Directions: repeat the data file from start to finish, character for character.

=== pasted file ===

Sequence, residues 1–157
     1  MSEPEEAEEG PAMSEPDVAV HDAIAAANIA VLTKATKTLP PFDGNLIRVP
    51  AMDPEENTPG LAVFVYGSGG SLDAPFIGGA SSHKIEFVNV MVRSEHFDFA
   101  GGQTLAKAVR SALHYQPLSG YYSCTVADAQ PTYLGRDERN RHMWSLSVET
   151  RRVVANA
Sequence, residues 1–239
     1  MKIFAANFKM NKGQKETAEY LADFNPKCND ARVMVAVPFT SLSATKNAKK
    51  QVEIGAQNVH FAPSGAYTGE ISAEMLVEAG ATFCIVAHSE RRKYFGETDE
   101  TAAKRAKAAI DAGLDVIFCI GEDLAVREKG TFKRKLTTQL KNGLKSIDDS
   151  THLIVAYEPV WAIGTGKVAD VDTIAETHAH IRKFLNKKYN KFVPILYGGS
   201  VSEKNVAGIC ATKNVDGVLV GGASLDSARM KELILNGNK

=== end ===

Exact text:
Sequence, residues 1–157
     1  MSEPEEAEEG PAMSEPDVAV HDAIAAANIA VLTKATKTLP PFDGNLIRVP
    51  AMDPEENTPG LAVFVYGSGG SLDAPFIGGA SSHKIEFVNV MVRSEHFDFA
   101  GGQTLAKAVR SALHYQPLSG YYSCTVADAQ PTYLGRDERN RHMWSLSVET
   151  RRVVANA
Sequence, residues 1–239
     1  MKIFAANFKM NKGQKETAEY LADFNPKCND ARVMVAVPFT SLSATKNAKK
    51  QVEIGAQNVH FAPSGAYTGE ISAEMLVEAG ATFCIVAHSE RRKYFGETDE
   101  TAAKRAKAAI DAGLDVIFCI GEDLAVREKG TFKRKLTTQL KNGLKSIDDS
   151  THLIVAYEPV WAIGTGKVAD VDTIAETHAH IRKFLNKKYN KFVPILYGGS
   201  VSEKNVAGIC ATKNVDGVLV GGASLDSARM KELILNGNK